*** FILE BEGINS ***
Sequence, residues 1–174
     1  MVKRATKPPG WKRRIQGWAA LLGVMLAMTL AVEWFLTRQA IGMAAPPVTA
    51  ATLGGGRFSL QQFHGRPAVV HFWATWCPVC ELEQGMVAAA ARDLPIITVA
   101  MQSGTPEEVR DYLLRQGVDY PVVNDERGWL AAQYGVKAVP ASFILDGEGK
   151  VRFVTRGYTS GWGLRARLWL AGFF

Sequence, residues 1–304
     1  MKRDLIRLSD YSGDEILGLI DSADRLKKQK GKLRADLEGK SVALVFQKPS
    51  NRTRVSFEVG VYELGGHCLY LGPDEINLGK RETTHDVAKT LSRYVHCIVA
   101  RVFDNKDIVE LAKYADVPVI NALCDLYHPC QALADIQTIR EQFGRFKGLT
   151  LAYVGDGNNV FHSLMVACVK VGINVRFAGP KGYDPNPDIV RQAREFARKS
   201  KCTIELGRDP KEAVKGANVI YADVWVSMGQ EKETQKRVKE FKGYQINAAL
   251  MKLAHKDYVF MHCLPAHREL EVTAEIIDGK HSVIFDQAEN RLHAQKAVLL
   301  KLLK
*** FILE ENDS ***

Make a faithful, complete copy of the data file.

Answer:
Sequence, residues 1–174
     1  MVKRATKPPG WKRRIQGWAA LLGVMLAMTL AVEWFLTRQA IGMAAPPVTA
    51  ATLGGGRFSL QQFHGRPAVV HFWATWCPVC ELEQGMVAAA ARDLPIITVA
   101  MQSGTPEEVR DYLLRQGVDY PVVNDERGWL AAQYGVKAVP ASFILDGEGK
   151  VRFVTRGYTS GWGLRARLWL AGFF

Sequence, residues 1–304
     1  MKRDLIRLSD YSGDEILGLI DSADRLKKQK GKLRADLEGK SVALVFQKPS
    51  NRTRVSFEVG VYELGGHCLY LGPDEINLGK RETTHDVAKT LSRYVHCIVA
   101  RVFDNKDIVE LAKYADVPVI NALCDLYHPC QALADIQTIR EQFGRFKGLT
   151  LAYVGDGNNV FHSLMVACVK VGINVRFAGP KGYDPNPDIV RQAREFARKS
   201  KCTIELGRDP KEAVKGANVI YADVWVSMGQ EKETQKRVKE FKGYQINAAL
   251  MKLAHKDYVF MHCLPAHREL EVTAEIIDGK HSVIFDQAEN RLHAQKAVLL
   301  KLLK